Once the seeds are in their pots, their little green heads will start to poke their way through the soil after about a week. And after no more than three months, you'll have lots of gorgeous flowers.

Now, what else do we need? Sweet peas! I let these climb up fences and obelisks in bunches or I plant a few on a shrub rose and let the two intertwine.

These annual, lusciously flowering climbers add a touch of romance and a kind of effortlessness to your garden and, wherever you place them, they'll show off all the colors of summer. They're available in bright white, beautiful blush, pretty pink, red, dark red and brash blue (along with a delicate pastel shade).

There's also a dramatic purple and a variant that's almost black (it's literally called ‘Almost Black’). Look to your left.


The following statement appears on the National Sweet Pea Society website:

"Hints on Growing – It was originally intended that this Section should be headed 'How to Grow' but since there are so many opinions from different people, many of them contradictory, it is considered that there is no ‘right’ way and so what follows is more properly considered to be hints."

Don’t you just love the British dead-pan-y-ness?

They do know their craft though so that's the approach we're taking here:

Growing Inside

If you choose to grow your sweet peas inside, you can start nice and early in the year.

Make sure to use tall pots right from the start. Sweet peas quickly develop very deep roots and they'll appreciate being able to stretch their long legs.

It's really important to soak the seeds overnight before you plant them. It will soften the seed pods and the sweet peas will germinate more quickly (and reliably).

Push your seeds into your prepared soil or pot (you can use seedling pots and plant them in the flowerbed at a later date) so that they're about 1.5cm (0.6") below the surface, then water thoroughly. After five to ten days, you'll usually start to see your first plants.

They need light (best case scenario, a grow light) and a few words of encouragement every now and then. There, I’ve said it: I *do* talk to my plants.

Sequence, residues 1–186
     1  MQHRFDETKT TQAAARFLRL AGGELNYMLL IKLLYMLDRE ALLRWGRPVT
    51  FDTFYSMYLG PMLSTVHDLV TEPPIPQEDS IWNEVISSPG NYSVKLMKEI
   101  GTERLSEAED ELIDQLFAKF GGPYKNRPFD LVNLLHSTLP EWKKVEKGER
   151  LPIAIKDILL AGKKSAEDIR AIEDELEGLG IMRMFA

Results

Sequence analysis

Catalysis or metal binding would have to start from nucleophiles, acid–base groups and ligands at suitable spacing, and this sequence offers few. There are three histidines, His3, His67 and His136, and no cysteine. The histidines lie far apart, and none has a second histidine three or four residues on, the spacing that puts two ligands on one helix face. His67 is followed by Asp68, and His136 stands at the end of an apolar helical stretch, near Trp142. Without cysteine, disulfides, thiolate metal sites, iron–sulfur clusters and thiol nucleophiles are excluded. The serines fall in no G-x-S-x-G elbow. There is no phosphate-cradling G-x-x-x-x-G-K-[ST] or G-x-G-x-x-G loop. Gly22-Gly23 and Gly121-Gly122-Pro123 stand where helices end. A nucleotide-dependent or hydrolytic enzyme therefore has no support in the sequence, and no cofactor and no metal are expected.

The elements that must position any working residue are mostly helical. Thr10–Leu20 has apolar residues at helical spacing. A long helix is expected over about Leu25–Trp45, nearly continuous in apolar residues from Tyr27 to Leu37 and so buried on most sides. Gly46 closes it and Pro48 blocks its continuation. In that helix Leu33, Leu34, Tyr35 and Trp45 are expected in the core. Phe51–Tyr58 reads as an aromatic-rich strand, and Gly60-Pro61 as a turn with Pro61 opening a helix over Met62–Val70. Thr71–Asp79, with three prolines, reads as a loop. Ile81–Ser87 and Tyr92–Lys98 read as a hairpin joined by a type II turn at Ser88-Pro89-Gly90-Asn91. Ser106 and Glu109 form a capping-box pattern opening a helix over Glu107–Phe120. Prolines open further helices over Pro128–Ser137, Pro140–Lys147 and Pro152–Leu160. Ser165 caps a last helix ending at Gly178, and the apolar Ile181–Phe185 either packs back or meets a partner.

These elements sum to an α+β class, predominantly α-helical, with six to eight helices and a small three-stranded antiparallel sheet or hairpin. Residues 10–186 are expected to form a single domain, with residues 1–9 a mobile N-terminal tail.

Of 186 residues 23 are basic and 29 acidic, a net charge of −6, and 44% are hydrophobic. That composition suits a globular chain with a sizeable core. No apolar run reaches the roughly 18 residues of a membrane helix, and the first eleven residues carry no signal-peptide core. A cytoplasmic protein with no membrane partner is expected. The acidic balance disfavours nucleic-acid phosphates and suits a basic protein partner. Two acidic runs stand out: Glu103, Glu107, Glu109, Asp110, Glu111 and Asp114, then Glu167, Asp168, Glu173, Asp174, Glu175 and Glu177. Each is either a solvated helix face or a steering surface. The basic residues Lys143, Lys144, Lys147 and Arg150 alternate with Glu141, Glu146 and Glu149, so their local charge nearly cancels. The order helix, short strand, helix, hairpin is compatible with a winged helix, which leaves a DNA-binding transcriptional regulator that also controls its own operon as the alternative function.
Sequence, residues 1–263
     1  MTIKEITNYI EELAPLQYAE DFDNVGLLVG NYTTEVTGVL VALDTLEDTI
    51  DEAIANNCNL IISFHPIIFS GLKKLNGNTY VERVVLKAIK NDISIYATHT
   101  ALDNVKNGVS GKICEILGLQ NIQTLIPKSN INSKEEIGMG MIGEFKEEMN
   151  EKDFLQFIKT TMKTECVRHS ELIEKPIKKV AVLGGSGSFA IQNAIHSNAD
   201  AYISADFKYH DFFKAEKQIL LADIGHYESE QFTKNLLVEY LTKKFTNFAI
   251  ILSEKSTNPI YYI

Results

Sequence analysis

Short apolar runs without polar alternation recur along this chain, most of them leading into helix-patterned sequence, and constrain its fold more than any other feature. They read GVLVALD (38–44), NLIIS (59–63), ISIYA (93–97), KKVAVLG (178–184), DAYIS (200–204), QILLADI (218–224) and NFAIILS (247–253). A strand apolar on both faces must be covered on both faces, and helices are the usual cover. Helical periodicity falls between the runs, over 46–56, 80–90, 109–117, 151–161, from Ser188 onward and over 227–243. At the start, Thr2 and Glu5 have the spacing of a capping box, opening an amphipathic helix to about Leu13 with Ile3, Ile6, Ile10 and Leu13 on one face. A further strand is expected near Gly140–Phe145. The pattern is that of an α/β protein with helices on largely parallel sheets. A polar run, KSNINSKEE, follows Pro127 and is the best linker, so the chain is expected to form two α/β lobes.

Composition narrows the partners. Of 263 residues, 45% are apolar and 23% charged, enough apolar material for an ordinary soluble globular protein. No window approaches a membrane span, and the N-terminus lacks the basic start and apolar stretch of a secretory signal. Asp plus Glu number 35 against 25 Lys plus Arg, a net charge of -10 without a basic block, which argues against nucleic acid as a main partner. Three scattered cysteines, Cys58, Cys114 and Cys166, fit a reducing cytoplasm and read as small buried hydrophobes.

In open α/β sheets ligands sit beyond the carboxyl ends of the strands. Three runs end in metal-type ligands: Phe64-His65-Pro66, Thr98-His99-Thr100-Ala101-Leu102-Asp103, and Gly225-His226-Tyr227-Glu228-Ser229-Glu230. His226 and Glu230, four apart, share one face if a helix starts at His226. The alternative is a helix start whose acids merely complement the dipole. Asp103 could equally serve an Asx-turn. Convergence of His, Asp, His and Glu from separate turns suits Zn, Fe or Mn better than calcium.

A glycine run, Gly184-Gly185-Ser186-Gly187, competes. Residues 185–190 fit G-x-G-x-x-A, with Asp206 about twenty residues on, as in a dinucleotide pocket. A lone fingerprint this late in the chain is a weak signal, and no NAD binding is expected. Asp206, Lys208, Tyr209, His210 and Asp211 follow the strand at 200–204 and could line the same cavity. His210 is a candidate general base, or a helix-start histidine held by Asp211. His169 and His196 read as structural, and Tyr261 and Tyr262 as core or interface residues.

Nevernevernever let your seeds dry out. They’ll find it extremely hard to forgive you.

It's time to move your young seedlings into the flowerbeds when they're somewhere between 5 to 10cm and you don't expect there to be any more heavy-duty frosts. They'll gradually get used to the cooler outdoor temperatures. Last year, I planted my sweet peas outside at the beginning of April (it was really mild). And if you really do get caught out by a sudden frost and are worried, simply cover your plants with fleece.

Growing Outside

Of course, you can also grow sweet peas straight outside and it’s pretty easy. The perfect time to sow your seeds is Mid-March to April. Again, this may differ depending on the climate you live in.

And, same procedure, it's really important to make sure you soak your seeds in water over night before you begin.

But it’s not just cosmos and sweet peas I love. I also adore zinnias, mallow, gypsophila elegans, yarrow and lupines. Can you picture what the windowsills in my house look like? Full to the brim!

If you are a bit of a ‘plant geek’, I recommend investing in grow lights. The light in early spring (especially when it's filtered by a window pane) usually isn't strong enough to grow sturdy, healthy seedlings. I’ve noticed a remarkable difference in mine since I started using them.

And just like that, a new gardening year begins. How exciting is it to be right at the start, with no idea what’s to come! Will it be a sunny spring? A rainy summer? A golden autumn (or Indian summer)? Whatever happens, it’ll be colorful, that's for sure.

Don't forget to sign up and send me an eMail to be in with a chance of winning the seed starter pack!

Love from the Cottage Garden,


P.S. All photographs (except for the first one) were taken by the fantastically talented Janina Laszlo.